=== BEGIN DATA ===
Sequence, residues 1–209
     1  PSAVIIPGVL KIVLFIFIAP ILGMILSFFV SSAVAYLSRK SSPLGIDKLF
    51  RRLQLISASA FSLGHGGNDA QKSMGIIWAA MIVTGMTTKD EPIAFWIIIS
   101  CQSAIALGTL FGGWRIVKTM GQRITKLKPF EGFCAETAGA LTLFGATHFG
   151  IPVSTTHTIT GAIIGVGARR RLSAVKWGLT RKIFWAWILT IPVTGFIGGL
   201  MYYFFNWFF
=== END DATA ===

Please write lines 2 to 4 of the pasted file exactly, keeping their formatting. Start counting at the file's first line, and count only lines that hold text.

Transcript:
     1  PSAVIIPGVL KIVLFIFIAP ILGMILSFFV SSAVAYLSRK SSPLGIDKLF
    51  RRLQLISASA FSLGHGGNDA QKSMGIIWAA MIVTGMTTKD EPIAFWIIIS
   101  CQSAIALGTL FGGWRIVKTM GQRITKLKPF EGFCAETAGA LTLFGATHFG